Crews worked Wednesday on adding the roof to the Worthington Mansion at Worthington Park in Quilcene. When finished, the roof should look identical to the mansion’s first roof. (Jesse Major/Peninsula Daily News)

Crews worked Wednesday on adding the roof to the Worthington Mansion at Worthington Park in Quilcene. When finished, the roof should look identical to the mansion’s first roof. (Jesse Major/Peninsula Daily News)

New roof to be a historic look for Worthington Mansion in Quilcene

Once the shingles are up, the roof will be one step closer to being restored to its original glory.

QUILCENE — Quilcene’s historic Worthington Mansion is getting a mansard roof just like the one that graced it when it was built in the late 1800s.

The roof is nearly done, and volunteers are already staining the 9,000 shingles that will surround the house, said Dave Satterlee, a Quilcene Historical Museum board member.

He’s not sure how many of the shingles were stained on the first day, Wednesday, but said there’s plenty more to be done.

Satterlee said those who would like to volunteer should give him a call at 360-765-4810.

Once the shingles are up, the roof will be one step closer to being restored to its original glory.

Visitors will glimpse the work in progress during tonight’s eighth annual tasting gala, set from 5 p.m. to 8 p.m. at the Linger Longer Outdoor Theater at Worthington Park at 151 E. Columbia Ave. in Quilcene.

Wine, beer, cider and spirits will be featured at the event, which will offer brews from such local businesses as 101 Brewery, Eaglemount Wine &Cider, FairWinds, Wind Rose Cellars, The Hardware Distillery Co. and Marrowstone Vineyards.

Admission will be $15 and includes five free taste tickets; food and gift vendors will be present. Proceeds will benefit the museum. The event is only for those 21 and older.

The house was built in 1892 for the Hamilton family, which is said to have platted much of Quilcene. However, the family never moved in, and the Worthington family purchased the property in 1907.

Eileen Worthington, the last to live in the house, died in 2012. She was a founding member of the Quilcene Museum and gave the museum the option to purchase the property — which also included a 1915 barn, two outbuildings and 10 acres — when she died.

The museum began a five-phase project to create Worthington Park.

The original mansard roof was removed in 1932 after the Worthingtons found some leaks, Satterlee said.

“There were leaks and it really wasn’t doing the job, so they tore it off, then put a regular pitched roof up there,” he said.

When the Quilcene Historical Museum bought the house and property, it held a community meeting to see what should be done with the building and its roof.

The message was clear: bring back the mansard roof.

“We had pictures of what the house had looked like when the roof was there,” Satterlee said.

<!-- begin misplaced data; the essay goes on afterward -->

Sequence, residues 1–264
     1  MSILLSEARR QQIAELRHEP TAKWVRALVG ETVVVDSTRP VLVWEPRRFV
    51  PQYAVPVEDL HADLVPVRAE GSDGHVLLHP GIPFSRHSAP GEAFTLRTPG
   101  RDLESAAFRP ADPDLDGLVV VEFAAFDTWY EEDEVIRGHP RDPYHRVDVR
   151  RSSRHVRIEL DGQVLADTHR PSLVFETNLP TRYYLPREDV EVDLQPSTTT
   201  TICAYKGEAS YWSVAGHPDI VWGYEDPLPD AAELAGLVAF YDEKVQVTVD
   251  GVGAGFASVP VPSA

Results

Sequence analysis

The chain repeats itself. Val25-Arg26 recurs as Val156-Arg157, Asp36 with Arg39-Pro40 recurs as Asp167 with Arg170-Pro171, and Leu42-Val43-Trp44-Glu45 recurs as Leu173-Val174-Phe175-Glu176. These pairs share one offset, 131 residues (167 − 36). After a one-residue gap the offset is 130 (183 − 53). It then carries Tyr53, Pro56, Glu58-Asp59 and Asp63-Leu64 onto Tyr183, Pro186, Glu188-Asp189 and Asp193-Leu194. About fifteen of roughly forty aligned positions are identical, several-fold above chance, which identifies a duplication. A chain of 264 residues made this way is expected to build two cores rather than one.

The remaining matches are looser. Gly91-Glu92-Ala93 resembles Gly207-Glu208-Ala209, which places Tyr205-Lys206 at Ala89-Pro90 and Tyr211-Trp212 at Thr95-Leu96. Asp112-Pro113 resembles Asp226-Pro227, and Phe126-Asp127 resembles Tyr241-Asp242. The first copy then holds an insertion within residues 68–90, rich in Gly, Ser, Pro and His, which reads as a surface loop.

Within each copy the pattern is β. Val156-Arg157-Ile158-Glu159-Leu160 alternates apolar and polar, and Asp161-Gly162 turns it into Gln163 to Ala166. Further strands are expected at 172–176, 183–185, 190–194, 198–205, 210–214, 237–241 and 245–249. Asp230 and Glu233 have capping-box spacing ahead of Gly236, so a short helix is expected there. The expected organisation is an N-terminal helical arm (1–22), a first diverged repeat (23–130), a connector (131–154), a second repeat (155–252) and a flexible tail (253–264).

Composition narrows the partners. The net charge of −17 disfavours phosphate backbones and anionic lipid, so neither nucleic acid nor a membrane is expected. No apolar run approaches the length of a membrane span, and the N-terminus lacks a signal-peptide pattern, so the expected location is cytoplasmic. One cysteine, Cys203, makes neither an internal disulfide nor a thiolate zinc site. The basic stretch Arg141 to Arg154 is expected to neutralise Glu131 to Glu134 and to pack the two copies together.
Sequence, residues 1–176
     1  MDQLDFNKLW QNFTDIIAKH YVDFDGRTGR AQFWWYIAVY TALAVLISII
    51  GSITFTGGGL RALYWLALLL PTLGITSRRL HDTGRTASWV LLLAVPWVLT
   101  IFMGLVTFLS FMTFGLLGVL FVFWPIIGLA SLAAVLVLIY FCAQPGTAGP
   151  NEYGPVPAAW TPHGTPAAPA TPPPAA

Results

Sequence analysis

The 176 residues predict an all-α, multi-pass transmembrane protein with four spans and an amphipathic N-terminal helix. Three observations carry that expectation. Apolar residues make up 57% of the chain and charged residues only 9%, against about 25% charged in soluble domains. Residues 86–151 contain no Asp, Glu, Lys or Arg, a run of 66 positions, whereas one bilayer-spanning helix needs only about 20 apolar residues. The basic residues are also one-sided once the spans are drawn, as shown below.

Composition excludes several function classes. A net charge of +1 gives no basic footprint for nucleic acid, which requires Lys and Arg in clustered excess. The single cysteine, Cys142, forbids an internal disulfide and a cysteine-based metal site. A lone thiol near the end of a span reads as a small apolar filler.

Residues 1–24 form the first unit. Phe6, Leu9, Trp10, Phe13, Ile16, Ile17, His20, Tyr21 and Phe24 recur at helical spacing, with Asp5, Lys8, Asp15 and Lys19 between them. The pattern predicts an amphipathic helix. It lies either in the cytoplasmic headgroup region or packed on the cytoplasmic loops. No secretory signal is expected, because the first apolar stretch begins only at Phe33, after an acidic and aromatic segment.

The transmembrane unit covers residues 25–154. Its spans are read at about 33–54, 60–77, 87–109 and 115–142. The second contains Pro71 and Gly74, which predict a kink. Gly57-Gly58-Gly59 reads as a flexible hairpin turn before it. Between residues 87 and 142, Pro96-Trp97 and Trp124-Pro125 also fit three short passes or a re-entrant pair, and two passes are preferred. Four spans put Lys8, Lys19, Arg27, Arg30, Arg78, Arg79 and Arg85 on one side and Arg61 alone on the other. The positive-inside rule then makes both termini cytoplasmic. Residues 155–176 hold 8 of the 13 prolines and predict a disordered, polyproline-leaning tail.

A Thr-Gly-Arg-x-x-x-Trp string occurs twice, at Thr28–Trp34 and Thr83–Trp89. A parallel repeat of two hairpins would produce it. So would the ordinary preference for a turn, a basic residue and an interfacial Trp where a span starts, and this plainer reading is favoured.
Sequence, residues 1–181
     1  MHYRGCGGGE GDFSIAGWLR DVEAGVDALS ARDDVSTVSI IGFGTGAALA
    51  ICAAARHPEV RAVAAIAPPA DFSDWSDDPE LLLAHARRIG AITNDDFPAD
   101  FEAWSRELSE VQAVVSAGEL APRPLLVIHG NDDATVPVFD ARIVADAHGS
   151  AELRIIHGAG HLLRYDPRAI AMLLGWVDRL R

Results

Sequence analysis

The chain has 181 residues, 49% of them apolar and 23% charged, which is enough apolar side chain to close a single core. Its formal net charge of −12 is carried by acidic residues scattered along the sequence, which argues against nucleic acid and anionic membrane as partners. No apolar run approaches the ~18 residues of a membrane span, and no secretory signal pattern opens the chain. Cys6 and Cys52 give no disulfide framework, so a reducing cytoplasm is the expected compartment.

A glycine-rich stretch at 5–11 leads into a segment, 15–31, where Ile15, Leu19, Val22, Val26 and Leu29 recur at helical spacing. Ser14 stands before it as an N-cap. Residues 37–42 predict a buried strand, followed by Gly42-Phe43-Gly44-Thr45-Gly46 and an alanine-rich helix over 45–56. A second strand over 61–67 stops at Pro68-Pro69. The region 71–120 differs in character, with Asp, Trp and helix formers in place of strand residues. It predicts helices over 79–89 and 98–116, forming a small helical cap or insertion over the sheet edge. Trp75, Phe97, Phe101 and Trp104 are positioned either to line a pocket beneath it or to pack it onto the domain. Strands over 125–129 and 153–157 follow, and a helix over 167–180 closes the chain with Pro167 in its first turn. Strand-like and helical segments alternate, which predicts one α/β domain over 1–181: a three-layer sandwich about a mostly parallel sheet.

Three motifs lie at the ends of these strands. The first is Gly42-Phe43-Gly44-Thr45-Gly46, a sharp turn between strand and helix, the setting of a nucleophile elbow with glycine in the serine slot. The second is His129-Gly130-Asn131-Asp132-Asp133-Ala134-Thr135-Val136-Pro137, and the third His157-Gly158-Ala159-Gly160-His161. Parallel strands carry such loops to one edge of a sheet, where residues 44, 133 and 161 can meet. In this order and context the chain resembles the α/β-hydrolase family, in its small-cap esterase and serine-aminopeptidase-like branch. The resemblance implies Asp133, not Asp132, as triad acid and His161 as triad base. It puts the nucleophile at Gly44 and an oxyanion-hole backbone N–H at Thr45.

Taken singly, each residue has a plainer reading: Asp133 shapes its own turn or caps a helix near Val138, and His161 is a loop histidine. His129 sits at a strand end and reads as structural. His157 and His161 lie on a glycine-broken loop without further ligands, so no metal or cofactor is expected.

“It was unanimous; everyone who came to the meeting, they all wanted the roof to come back on. So here it is.”

The roof will feature seven dormer windows on the south, east and west sides of the house.

Because the museum didn’t have any photos of the north side of the house, no one knew if there were windows on that side.

“So we didn’t put any windows in,” Satterlee said.

Work on the outside of the house, including the roof, windows and trimming, is expected to be finished by the end of the summer construction season, he said.

“As soon as this roofing membrane is in place, we’re going to start building out all of these dormers,” he said.

The top floor of the house is a large ballroom with dormer windows.

Quilcene Museum members had hoped to use the room for events, but because of the narrow stairwell leading up to the room, only 10 people are allowed at one time, he said.

Instead, it might be office space and storage.

Once the outside is finished, they’ll turn toward working on the inside.

“All the rough wiring’s been done,” Satterlee said.

The end plan for the house is for it to be a part of an events center for Quilcene, “so we can have weddings, reunions, meetings, symposiums, workshops and things like that,” he said.

Part of the plan includes having a robust trail system through the woods on the north side of the property, which is bordered by the Little Quilcene River.

________

Reporter Jesse Major can be reached at 360-385-2335, ext. 5550, or at [email protected].

Eric Monroe of Nieman Construction works on the roof at the Worthington Mansion in Quilcene on Wednesday. (Jesse Major/Peninsula Daily News)

Eric Monroe of Nieman Construction works on the roof at the Worthington Mansion in Quilcene on Wednesday. (Jesse Major/Peninsula Daily News)

Eric Monroe of Dan Nieman Construction works on the roof at the Worthington Mansion in Quilcene on Wednesday. (Jesse Major/Peninsula Daily News)

Eric Monroe of Dan Nieman Construction works on the roof at the Worthington Mansion in Quilcene on Wednesday. (Jesse Major/Peninsula Daily News)

Memories and Messages hang inside the Worthington Mansion in Quilcene. The Quilcene Historical Museum had community members write memories about the historic house. (Jesse Major/Peninsula Daily News)

Memories and Messages hang inside the Worthington Mansion in Quilcene. The Quilcene Historical Museum had community members write memories about the historic house. (Jesse Major/Peninsula Daily News)

Dave Satterlee, a Quilcene Historical Museum board member, climbs down from the roof of Quilcene’s Worthington Mansion on Wednesday. (Jesse Major/Peninsula Daily News)

Dave Satterlee, a Quilcene Historical Museum board member, climbs down from the roof of Quilcene’s Worthington Mansion on Wednesday. (Jesse Major/Peninsula Daily News)

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